Loose, shaggy, and more than a little rough, Adam Leon's Gimme the Loot hearkens back to NYC indies like Kids, invoking a feeling of summer without making a big deal of season or setting. While a little slight-seeming for the jury prize it earned here, the film is still a pleasing effort, a comedy of errors about two aspiring artists set in the world of street graffiti.
Malcolm (Tysheeb Hickson) and Sofia (Tashiana R. Washington) have a dream that's both impossibly big and weirdly specific at the same time: to tag Shea Stadium (which they refuse to call Citi Field), specifically the Home Run Apple, a NYC relic that no one has successfully hit, despite many attempts. There's an added element here because the two are Yankees fans, a quality that has less to do with baseball than the fact that they're from the Bronx. This all starts when they get into a turf war with a crew from Woodside, Queens, which makes the Mets scheme a battle over both personal and borough-related pride.
To get access to the apple, they need to collect $500 dollars, to pay off a shifty guard that Malcolm claims to be friends with. The majority of the movie follows their attempts to get their hands on the money, developing constantly frustrated schemes which move them one step forward, two steps back. Each progressive set piece is grounded in humor, even when the two are verging into felony territory. The jokey dialogue sometimes goes a little too far, stretching into Kevin Smith-style rant territory, but this is another element that contributes to the warmly messy feel of the film
Most importantly, Gimme the Loot knows when to end. Not everything is resolved, and a few questions are left resolutely hanging, but these omissions shift the focus from caper to slice of life. By setting its sights on the sounds and rhythms of the New York City streets, depicting a world that's usually left out of movies set in the city, the film manages to eventually exceed the sum of its parts.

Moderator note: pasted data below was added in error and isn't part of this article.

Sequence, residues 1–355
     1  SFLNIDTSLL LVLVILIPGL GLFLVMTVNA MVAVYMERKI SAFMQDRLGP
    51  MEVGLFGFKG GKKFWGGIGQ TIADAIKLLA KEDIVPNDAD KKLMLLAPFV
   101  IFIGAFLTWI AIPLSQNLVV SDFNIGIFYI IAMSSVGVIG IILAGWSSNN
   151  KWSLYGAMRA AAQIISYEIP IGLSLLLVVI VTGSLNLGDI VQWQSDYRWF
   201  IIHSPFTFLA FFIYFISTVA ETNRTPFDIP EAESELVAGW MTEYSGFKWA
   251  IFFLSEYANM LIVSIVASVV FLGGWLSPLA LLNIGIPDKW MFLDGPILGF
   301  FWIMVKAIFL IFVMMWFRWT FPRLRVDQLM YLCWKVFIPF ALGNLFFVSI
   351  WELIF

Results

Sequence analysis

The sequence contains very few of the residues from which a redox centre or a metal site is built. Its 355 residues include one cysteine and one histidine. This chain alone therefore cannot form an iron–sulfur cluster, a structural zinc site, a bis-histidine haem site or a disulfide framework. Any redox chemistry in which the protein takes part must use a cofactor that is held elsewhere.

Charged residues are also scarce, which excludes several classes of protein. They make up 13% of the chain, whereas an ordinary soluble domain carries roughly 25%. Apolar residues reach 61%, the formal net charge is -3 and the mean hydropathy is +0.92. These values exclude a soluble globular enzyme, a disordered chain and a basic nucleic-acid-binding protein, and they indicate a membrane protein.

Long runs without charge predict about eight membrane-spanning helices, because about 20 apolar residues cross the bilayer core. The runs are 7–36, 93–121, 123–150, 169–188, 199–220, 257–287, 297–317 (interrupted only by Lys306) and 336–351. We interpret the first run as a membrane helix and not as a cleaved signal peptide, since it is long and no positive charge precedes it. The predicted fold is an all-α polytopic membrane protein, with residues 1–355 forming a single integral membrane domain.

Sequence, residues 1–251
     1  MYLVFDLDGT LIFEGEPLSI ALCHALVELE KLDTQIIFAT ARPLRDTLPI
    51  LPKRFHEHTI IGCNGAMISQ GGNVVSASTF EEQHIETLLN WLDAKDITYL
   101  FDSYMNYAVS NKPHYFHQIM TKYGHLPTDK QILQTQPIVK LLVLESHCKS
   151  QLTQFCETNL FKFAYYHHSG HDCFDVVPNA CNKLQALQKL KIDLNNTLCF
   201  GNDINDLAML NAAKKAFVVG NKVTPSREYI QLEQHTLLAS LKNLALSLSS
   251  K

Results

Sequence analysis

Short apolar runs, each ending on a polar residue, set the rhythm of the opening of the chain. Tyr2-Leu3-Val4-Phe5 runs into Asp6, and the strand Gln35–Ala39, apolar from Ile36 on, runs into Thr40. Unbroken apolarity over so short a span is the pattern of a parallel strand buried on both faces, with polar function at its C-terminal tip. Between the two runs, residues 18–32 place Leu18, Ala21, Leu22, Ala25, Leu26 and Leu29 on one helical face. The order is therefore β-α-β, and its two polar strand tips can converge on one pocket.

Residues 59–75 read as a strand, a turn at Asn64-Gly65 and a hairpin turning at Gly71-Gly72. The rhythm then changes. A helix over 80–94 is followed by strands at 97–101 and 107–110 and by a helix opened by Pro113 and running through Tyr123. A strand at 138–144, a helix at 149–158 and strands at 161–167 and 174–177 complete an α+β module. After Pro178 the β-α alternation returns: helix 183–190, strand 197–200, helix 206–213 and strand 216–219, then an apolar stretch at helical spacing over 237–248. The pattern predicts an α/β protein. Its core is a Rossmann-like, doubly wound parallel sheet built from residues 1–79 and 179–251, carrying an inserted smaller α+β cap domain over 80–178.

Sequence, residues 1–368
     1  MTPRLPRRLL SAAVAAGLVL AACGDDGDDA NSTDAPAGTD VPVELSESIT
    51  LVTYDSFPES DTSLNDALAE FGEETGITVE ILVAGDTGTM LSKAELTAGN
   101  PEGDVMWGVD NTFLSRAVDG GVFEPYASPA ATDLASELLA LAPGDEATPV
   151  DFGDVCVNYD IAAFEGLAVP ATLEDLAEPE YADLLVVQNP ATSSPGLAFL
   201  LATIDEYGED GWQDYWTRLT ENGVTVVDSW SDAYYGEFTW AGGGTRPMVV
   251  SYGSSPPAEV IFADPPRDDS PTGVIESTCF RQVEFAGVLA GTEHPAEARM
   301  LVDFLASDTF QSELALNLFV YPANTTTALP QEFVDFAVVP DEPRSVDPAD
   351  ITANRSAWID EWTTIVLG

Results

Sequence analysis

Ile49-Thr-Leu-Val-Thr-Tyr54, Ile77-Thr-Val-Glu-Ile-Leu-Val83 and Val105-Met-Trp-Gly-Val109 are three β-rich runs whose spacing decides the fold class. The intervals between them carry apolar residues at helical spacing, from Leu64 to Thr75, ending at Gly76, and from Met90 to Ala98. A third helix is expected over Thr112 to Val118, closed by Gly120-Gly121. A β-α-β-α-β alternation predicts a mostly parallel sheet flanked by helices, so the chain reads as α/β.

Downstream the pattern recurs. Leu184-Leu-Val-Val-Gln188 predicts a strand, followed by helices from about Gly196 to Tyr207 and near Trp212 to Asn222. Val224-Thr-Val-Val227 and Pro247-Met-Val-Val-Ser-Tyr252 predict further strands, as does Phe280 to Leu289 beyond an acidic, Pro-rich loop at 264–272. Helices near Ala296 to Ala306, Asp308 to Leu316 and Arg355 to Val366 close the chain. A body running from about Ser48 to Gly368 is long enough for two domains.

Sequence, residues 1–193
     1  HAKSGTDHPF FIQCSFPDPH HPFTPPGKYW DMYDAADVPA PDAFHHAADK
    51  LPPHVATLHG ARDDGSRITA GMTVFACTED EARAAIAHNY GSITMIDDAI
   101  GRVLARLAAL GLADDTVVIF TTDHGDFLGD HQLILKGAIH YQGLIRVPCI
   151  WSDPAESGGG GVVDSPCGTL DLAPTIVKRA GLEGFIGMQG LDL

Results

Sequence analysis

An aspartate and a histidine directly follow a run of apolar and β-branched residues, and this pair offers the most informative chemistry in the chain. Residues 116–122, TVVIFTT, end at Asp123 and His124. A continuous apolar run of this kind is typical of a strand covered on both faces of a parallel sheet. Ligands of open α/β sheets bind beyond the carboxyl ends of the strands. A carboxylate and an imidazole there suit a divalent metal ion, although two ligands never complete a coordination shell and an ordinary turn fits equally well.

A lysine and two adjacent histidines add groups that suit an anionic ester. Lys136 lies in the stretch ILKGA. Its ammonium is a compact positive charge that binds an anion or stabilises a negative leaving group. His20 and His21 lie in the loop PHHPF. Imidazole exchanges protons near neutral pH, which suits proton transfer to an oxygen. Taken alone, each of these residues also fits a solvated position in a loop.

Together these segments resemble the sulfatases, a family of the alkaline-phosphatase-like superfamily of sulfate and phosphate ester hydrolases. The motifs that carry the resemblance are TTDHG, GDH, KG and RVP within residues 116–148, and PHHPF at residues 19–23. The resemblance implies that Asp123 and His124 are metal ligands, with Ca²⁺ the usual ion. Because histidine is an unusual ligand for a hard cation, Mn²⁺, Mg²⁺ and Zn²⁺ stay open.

Ernst Lubitsch's 1919 film The Oyster Princess establishes its interest in portraiture straight off, with the grinning visage of Lubitsch himself, who leads an opening-credits roll of short introductory clips of the cast. From then on, every shot seems as ordered and detailed as a painting, employing fantastic mise-en- scène that makes for a decorous plunge into the film's affluent world.
It's a style that Lubitsch uses both for comedy and social commentary. Most of the laughs here come from depictions of excess, and the film exploits the lush studio atmosphere of Weimar Germany to a dazzling degree. We're introduced to the wealthy Quaker family through an image of its patriarch, at his desk accompanied by four elaborately attired black man servants: one holds his cigar, another his tea, one wipes his mouth, and the other brushes his hair. Such excess is echoed later in a wedding banquet scene, where each attendee has his or her own personal champagne pourer.
Beneath its constant comic tangents, The Oyster Princess is also a movie about transition. Its approach to this topic is especially elegant, encapsulated in the confrontation between broken-down old-world aristocracy and an emerging American corporate elite. One side wants money, the other prestige; together they unite to form a new upper class, a process the film depicts with a great deal of insight.
Such questions of wealth and power seem to have a lot of modern relevance, and the film is granted even more immediacy by the live score from Bee vs. Moth, who added a jazzy, witty element to the proceedings. Their backing was a reminder of how much silent movies stand to gain from this kind of live-show presentation, a format which further accentuates just how pertinent even the oldest of movies can still be.
SXSW runs from March 9—18.